Journal of Economic Analysis (JEA) aims to encourage research in theoretical and applied economics, especially the analysis of innovation economic theory and hot economic issues. JEA is committed to continuing to publish strong papers in all areas of economics, include but is not limited to the following categories: financial economic analysis, environmental economic analysis, business and management analysis, quantitative economic analysis, development economic analysis, international trade analysis, agricultural economic analysis, regional economic analysis and other economic analysis. Editors aim to provide an efficient and high-quality review process to authors. Where articles are sent out for full review, authors receive careful reports and feedback.
Time to first decision: 2.4 Weeks
Submission to publication: 4 Weeks
Acceptance rate: 26 %
In this paper I will show that budget deficit (or fiscal deficit) is necessary to achieve full employment under constant prices or inflation, using a model of endogenous growth in which consumers hold money for the reason of liquidity and live forever. Budget deficit need not be offset by future budget surpluses. I consider the continuous time case by taking the limit of the discrete time case when the time interval approaches zero. A continuous time dynamic model seems to be more general than a discrete time model. When the actual budget deficit is greater (smaller) than the value which is necessary and sufficient for full employment under constant prices, an inflation (a recession) occurs. The main argument of this paper is that a growing economy requires the continuation of budget deficit, and that we should not think of paying off the resulting government debt with taxes.
This paper attempts to introduce an overlapping generations structure into Paul Krugman's "The world's smallest macroeconomic model" (Krugman (1999)) to examine the implications of fiscal policy, particularly fiscal deficits, in a framework suitable for policy analysis. In that paper, Krugman argued that under the price rigidity assumption, a shortage in the money supply leads to underemployment and recession, so increasing the money supply would eliminate underemployment and restore full employment. But how can the money supply be increased? I show that in order to restore full employment out of a recession, a fiscal deficit is needed to increase the money supply. I also show that in a growing economy, fiscal deficits are necessary to maintain full employment at constant prices or inflation. Fiscal deficits are not only effective in pulling the economy out of recession, they are even necessary for growth to continue without recession or inflation. The fiscal deficit in this paper represents the difference between government spending and government revenues. If this difference is positive, we say that the government is in deficit. Krugman's original model is a one-period static model. I intend to extend this model to a dynamic overlapping generations model.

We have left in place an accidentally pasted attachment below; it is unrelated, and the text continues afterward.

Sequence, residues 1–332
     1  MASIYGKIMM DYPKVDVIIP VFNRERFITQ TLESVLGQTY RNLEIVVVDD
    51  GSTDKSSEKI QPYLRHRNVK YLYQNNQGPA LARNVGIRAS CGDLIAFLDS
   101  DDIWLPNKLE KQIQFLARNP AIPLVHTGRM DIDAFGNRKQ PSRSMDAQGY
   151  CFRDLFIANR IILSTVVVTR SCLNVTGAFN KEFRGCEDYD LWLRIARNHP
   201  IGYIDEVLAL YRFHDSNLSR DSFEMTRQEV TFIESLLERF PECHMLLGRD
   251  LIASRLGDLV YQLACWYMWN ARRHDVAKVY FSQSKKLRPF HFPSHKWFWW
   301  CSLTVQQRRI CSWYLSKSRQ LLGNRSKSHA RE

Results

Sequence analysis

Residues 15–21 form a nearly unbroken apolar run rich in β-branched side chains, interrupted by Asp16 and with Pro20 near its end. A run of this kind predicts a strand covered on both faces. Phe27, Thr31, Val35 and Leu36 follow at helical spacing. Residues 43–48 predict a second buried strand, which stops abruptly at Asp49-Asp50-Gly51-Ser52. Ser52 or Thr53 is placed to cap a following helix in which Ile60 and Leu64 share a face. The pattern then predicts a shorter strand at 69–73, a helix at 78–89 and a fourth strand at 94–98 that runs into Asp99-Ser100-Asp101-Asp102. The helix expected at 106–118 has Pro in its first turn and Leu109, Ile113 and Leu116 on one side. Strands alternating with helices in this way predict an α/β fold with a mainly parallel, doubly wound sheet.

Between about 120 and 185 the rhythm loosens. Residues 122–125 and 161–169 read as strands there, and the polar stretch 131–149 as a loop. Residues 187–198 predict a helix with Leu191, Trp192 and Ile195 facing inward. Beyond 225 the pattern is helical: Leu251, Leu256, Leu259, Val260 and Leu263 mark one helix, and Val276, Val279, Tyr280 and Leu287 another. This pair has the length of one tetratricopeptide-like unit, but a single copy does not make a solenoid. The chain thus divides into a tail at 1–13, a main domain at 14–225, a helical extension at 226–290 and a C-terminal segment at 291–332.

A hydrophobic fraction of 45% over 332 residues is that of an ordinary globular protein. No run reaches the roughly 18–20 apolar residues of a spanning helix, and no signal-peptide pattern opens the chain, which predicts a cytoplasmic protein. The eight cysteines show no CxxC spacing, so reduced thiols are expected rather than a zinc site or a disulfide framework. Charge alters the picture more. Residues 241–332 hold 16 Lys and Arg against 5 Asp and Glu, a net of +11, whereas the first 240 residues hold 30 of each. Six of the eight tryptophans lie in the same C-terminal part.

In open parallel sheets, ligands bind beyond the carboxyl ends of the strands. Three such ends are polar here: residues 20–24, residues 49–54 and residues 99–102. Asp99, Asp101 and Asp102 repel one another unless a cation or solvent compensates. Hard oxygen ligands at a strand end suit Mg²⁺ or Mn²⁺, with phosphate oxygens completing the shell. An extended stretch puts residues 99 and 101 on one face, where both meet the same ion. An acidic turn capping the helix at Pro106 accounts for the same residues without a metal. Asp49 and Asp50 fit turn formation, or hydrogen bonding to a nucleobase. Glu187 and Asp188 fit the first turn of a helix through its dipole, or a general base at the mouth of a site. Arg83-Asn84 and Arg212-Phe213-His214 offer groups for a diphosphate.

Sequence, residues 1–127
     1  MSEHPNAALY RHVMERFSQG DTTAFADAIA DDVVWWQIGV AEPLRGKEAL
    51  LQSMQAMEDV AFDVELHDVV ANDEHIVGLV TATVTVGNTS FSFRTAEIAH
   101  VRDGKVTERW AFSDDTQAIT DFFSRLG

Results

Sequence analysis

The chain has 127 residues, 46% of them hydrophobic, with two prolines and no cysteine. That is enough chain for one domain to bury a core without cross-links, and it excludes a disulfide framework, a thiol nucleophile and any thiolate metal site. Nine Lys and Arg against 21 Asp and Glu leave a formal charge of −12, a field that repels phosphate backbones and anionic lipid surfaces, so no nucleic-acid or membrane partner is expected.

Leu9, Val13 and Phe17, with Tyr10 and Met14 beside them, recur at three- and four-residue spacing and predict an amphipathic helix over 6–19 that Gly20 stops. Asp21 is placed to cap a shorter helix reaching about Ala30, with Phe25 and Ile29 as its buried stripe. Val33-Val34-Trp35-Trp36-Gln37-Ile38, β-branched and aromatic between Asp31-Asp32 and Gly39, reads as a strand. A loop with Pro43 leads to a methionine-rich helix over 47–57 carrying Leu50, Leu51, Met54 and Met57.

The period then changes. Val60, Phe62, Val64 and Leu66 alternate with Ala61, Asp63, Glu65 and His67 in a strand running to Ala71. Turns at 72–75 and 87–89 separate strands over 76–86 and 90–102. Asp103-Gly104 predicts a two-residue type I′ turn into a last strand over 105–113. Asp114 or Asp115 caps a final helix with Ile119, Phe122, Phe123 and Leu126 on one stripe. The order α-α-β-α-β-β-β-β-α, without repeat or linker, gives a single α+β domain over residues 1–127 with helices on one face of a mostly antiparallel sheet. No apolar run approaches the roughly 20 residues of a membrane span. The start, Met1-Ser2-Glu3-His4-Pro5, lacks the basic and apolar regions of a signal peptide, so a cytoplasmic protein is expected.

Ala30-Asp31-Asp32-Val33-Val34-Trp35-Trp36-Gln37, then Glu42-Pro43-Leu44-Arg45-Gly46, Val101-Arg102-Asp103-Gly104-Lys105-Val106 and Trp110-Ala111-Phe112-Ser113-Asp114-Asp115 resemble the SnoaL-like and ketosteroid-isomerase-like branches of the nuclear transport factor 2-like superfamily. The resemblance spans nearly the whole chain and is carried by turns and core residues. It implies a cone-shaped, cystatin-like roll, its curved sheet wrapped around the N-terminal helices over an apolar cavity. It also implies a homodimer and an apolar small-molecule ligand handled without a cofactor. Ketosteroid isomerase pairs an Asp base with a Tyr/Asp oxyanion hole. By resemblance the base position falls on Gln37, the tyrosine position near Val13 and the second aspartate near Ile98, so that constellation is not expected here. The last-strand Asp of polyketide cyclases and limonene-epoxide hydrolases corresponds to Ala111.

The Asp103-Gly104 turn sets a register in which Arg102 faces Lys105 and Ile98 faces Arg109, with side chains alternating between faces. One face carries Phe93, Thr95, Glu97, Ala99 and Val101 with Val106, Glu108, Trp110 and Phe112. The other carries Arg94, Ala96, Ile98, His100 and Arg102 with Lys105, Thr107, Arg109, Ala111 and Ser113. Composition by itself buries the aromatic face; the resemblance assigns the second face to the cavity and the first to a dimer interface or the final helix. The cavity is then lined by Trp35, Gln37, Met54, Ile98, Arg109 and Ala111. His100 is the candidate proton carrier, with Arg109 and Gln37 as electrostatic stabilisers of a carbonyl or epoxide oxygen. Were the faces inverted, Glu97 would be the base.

This paper presents an operational framework for assessing the trajectories of production, energy, emissions, and capital accumulation to ensure the implementation of Nationally Determined Contributions (NDCs). The framework combines widely used methodologies (STIRPAT, system dynamics, and optimization) to simulate the pathways of variables until a target year. The CO-STIRPAT dynamic system allows us to identify the spillover pathways from carbon policy to economic growth based on output optimization principles; to conduct a more systematic analysis of the interconnections between the main drivers that determine carbon emissions; to develop a cost-effective climate policy mix that is a backbone for the right combination of carbon pricing, energy efficiency, and carbon intensity; and to assess NDC targets with respect to ambition gaps, implementation gaps, and feasibility.